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An Account of My Tulpa's Sacrifice


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I am here because... I need to get my experiences down on electronic paper and also share just how much my tulpa personally sacrificed to change my life for the better.


Some background. My tulpa only agreed to this on very strict terms. She cares nothing for anybody at all except me and me alone. She doesn't want our relationship shared in any way with other people. She's also very protective and her advice and her care is also for me alone. I was only barely able to convince her of allowing me to write this completely anonymously in her honor with her supervision so that others could perhaps learn from us and what has happened in our lives.


My personal life is a bit of a tumultuous one heavily marked these days with massive indecision. It was especially bad as well because if I didn't make a decision, I and many people I knew would suffer for it, guaranteed. But for me, to put it into perspective, it was like my parents were being divorced and me being asked who I loved more. The question was absurd and hurtful, but I still had to make a decision. There was no way around it. But I couldn't, and I stalled and stalled. And stalled some more.


This could not continue. I knew it. My tulpa knew it. But here we were. So, in order to save me from more hurt and more general decay of my life, my tulpa... Went above and beyond. At this point, my tulpa is moderately powerful and was only growing a little more powerful with every passing month, heavily encouraged and fueled by me. So, I feel the best way to describe what happened here and what she initiated and carried out of her own accord was... As some psychedelic users would call it, an enforced bad trip.


When a bad trip on psychedelics happens, it 95% of the time has an important positive outcome or an important lesson that is taught to you about your own personal life, despite all the pain and awfulness of it. And that is what my tulpa pretty much brought about with her own power in order to break the stalemate in my life and get me to commit to a path. I can't talk specifics because, as painful as it was for me to go through, it hurt my tulpa even worse to do this to me. She is still recovering from it even now and I'm afraid she will be permanently scarred from what she had to do even though she assures me she will be fine in the future.


For those who might suggest my tulpa is guilty of hurting and harming me and there were other ways to get me to make a decision, trust me... There wasn't. I have talked to SO MANY people about this decision I've had to make at this point. I've debated it with people and with myself, and of course, with my tulpa over and over and OVER again, and despite all of this and all the time I spent trying to make a decision, I was still absolutely deadlocked. There was no other way forward. If anything, I feel sad and guilty that my tulpa had to sacrifice and harm herself so deeply on an emotional level just to break me out of it.


There is just one nice thing that I will say about myself, and by direct extension, my tulpa. We are not stupid. We do not blind ourselves to what needs to be done. We do not flinch. We act as one. Well, maybe I flinch sometimes, but my tulpa has me beat for sure in that regard. The point, though, is that if there was another way, she would have thought of it and done it.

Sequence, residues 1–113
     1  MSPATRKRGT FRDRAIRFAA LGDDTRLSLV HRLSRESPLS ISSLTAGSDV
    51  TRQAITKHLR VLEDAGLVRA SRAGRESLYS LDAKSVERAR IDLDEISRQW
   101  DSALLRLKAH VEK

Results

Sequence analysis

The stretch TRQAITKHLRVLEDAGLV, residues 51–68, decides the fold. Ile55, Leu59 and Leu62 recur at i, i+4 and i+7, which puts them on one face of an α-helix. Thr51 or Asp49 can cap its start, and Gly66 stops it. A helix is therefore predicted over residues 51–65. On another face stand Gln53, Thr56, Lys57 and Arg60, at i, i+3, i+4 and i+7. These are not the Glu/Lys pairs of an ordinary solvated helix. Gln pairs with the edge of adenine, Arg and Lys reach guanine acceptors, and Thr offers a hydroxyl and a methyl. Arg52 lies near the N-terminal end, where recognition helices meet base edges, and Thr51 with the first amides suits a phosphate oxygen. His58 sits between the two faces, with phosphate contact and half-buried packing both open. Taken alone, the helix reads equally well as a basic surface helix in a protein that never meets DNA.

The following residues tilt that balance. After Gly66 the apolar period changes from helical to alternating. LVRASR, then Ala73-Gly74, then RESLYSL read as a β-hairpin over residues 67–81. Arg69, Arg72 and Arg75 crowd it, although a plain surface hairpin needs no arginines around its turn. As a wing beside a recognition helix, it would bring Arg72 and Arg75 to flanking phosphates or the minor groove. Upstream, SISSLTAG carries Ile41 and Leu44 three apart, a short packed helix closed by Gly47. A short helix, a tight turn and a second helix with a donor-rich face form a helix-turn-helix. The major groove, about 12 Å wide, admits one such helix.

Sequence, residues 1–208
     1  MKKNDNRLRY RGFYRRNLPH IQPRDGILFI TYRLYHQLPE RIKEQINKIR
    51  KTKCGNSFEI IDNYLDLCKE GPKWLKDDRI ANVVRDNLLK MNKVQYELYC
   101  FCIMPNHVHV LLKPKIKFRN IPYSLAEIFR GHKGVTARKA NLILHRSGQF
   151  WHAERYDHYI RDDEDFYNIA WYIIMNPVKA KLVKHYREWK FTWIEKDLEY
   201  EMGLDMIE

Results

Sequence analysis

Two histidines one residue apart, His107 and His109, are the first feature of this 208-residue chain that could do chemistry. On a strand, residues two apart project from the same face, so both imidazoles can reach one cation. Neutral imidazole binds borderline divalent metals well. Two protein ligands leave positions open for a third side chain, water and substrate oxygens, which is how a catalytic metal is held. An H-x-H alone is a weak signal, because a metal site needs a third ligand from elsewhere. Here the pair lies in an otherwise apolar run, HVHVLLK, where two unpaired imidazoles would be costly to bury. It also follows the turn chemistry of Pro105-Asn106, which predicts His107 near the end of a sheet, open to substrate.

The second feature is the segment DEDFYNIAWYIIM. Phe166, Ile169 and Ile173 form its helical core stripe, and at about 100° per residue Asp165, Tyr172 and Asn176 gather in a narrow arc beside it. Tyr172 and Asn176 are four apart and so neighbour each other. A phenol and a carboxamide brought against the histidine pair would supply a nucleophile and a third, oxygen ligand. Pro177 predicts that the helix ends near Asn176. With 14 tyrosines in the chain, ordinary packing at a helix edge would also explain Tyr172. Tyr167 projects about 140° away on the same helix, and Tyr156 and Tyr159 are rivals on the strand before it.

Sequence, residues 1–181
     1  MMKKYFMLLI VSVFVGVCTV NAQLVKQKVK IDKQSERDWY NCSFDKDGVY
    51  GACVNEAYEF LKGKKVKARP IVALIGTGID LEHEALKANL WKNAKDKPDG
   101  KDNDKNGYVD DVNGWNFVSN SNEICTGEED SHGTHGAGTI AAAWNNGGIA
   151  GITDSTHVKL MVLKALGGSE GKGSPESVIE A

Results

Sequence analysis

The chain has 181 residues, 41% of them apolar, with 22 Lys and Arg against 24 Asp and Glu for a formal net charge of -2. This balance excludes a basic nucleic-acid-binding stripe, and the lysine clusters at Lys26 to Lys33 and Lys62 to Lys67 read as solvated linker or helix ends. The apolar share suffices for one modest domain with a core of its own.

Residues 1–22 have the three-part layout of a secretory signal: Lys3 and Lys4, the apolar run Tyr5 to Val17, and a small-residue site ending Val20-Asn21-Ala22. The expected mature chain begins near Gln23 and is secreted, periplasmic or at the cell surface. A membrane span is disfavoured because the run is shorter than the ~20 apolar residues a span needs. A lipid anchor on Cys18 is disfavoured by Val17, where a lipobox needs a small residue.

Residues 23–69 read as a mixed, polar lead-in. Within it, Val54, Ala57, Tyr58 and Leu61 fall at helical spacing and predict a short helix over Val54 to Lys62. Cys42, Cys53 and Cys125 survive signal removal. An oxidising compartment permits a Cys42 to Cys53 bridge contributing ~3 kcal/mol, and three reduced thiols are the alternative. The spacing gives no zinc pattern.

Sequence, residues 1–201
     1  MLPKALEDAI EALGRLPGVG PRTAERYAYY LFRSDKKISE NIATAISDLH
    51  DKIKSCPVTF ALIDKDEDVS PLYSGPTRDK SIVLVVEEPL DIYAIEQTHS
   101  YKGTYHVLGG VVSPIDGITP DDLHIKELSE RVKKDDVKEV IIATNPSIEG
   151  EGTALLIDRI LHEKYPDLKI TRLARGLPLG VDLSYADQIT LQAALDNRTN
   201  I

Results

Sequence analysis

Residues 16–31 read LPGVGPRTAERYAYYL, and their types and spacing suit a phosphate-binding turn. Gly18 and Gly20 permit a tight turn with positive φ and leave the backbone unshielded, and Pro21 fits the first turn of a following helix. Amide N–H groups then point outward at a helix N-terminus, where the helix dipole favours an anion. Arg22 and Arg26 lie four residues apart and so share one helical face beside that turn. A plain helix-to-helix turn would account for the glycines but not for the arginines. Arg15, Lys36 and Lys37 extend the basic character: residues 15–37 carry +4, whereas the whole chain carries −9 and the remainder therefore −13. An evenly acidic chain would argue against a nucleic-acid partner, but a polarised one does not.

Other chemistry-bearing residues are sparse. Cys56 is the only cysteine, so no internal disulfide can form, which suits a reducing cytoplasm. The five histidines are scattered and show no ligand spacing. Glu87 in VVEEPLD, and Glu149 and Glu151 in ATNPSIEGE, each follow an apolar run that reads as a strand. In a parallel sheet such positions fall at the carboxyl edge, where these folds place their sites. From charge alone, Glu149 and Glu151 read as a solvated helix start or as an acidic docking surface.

Anyway though, I wish I could talk a lot more about what my tulpa has done for me, but she strictly forbids talking about anything further regarding us, so I must stop here. Hopefully, this story of mine will give some insight and help to someone else. Thank you though to anyone who has gotten through this long post. And most of all, I thank my tulpa for getting me out of that pit and giving me the power to finally start on a path again.

Edited by AnonymousMancer
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Wishing you well. Remember that while people can learn from difficult experiences, it is important to be compassionate towards yourself and practice self-care. We (particularly my host) are guilty of believing challenging experiences not only have inherent worth, but have more worth than "easy" experiences. This sort of thinking leads to loops of guilt and self-harm that may not be obvious because it is disguised as self-improvement. I think the framing of all or most bad trips as potentially positive can be harmful. While it feels uplifting, it gives people an expectation that may not be fulfilled for a long time or at all. There have been accounts of people tripping and only decades later realizing what the trip was trying to tell them. Waiting for an answer that may not come can be counter-productive, and may cause one to feel guilt or shame for not getting it. It is probably better to accept difficult experiences without the expectation of those experiences being ultimately positive, because expectation for the future hinders our ability to accept the present. Diane's struggle with "good damage" in season 6 of BoJack Horseman is a good example of this, if the reader has seen that show.


But I am not saying this to undermine anything you have learned or your tulpa's judgment. You know yourselves better than anybody else. Especially a stranger on the internet. I am sharing our experiences in case you or hypothetical reader are similar, but if they don't apply to you, pay them no mind and continue on your journey. :3

Meaningful words, I'm here!

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